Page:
DVD cover for The Suburbans
|Directed by||Donal Lardner Ward|
|Produced by||J. J. Abrams
|Written by||Donal Lardner Ward
|Music by||Robbie Konder|
|Edited by||Kathryn Himoff|
|Distributed by||Tri-Star Pictures|
The Suburbans is a 1999 American comedy-drama film that satirizes the 1980s revival hype around the turn of the 21st century. It stars Jennifer Love Hewitt and Donal Lardner Ward, who also co-wrote the film with Tony Guma and directed.
The Suburbans premiered at the Sundance Film Festival on January 25, 1999. It was released on a very limited number of screens (11) on October 29 of the same year, and grossing $11,130, is considered to have failed commercially. Of ten reviews counted at Rotten Tomatoes, all ten are negative.
In 1998, Danny, Mitch, Gil and Rory, formerly known as long-forgotten, early 1980s one-hit wonder band, The Suburbans, reunite to perform their only hit single at one of the band members' wedding. After the gig, Cate, an up-and-coming record company executive, approaches them and suggests to shoot a pay-per-view reunion show that would eventually re-establish the band's claim to fame. The four, more reluctantly than not, agree and subsequently face the ramifications on their personal lives as the show's production contrasts their former rock 'n' roll image with their now middle-class, suburban lifestyle. It soon becomes evident that Cate is probably the only remaining fan of the band, who, out of a personal interest in the matter, put her own career at stake.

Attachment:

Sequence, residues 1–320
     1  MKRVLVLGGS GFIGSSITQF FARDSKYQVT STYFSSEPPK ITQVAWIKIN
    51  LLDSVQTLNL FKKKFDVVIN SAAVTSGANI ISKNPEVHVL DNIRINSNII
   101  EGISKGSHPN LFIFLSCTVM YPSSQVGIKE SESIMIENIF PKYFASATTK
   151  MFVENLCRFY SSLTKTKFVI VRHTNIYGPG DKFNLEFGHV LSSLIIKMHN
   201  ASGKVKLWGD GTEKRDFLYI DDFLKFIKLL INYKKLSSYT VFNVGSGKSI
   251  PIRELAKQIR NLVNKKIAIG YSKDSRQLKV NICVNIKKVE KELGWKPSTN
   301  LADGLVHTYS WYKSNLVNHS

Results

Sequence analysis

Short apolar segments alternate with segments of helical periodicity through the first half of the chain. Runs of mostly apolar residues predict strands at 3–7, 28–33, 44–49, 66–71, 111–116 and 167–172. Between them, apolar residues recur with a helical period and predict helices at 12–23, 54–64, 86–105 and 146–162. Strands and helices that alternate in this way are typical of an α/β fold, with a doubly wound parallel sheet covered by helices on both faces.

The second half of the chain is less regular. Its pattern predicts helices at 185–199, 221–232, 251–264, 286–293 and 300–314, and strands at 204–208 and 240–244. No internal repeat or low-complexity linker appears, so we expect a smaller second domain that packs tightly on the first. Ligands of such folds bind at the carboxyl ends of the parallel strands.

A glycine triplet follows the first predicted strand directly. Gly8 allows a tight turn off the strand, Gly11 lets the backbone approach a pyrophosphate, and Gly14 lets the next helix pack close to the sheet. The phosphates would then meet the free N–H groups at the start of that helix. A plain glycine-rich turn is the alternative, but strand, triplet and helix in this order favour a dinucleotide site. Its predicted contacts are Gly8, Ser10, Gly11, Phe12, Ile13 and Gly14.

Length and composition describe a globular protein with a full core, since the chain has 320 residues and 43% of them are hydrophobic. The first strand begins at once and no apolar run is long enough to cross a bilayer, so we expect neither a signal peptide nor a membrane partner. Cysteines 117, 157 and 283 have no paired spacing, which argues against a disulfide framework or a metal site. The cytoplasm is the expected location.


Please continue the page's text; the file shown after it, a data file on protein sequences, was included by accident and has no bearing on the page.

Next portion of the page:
- Donal Lardner Ward as lead singer Danny
- Jennifer Love Hewitt as record company executive Cate
- Amy Brenneman as Danny's girlfriend Grace
- Craig Bierko as lead guitarist Mitch
- Will Ferrell as bass player Gil
- Tony Guma as drummer Rory
- Bridgette Wilson as Rory's girlfriend Lara
- Ben Stiller as record company owner Jay Rose
- Perrey Reeves as Amanda
- Jerry Stiller as record company owner, Speedo Silverberg
- Perrey Reeves as Amanda
- Robert Loggia as Jules
- Dick Clark as himself, hosting a fictional episode of American Bandstand
- Kurt Loder as himself
- David LaChapelle as Thorlakur
- J. J. Abrams as Rock Journalist
- A Flock of Seagulls as themselves
- Sugar Town, another "rock-and-roll and relationships" film released a month earlier, and called by Janet Maslin—in her review of The Suburbans—a "better and more ambitious recent film that [also, in retrospect] had no luck in finding an audience"
- "The Suburbans". rottentomatoes.com. Retrieved 2015-04-27.
- Maslin, Janet (October 29, 1999). "Suburbans: And the Beat Goes on, Even When It Shouldn't". The New York Times. Retrieved 2015-04-27.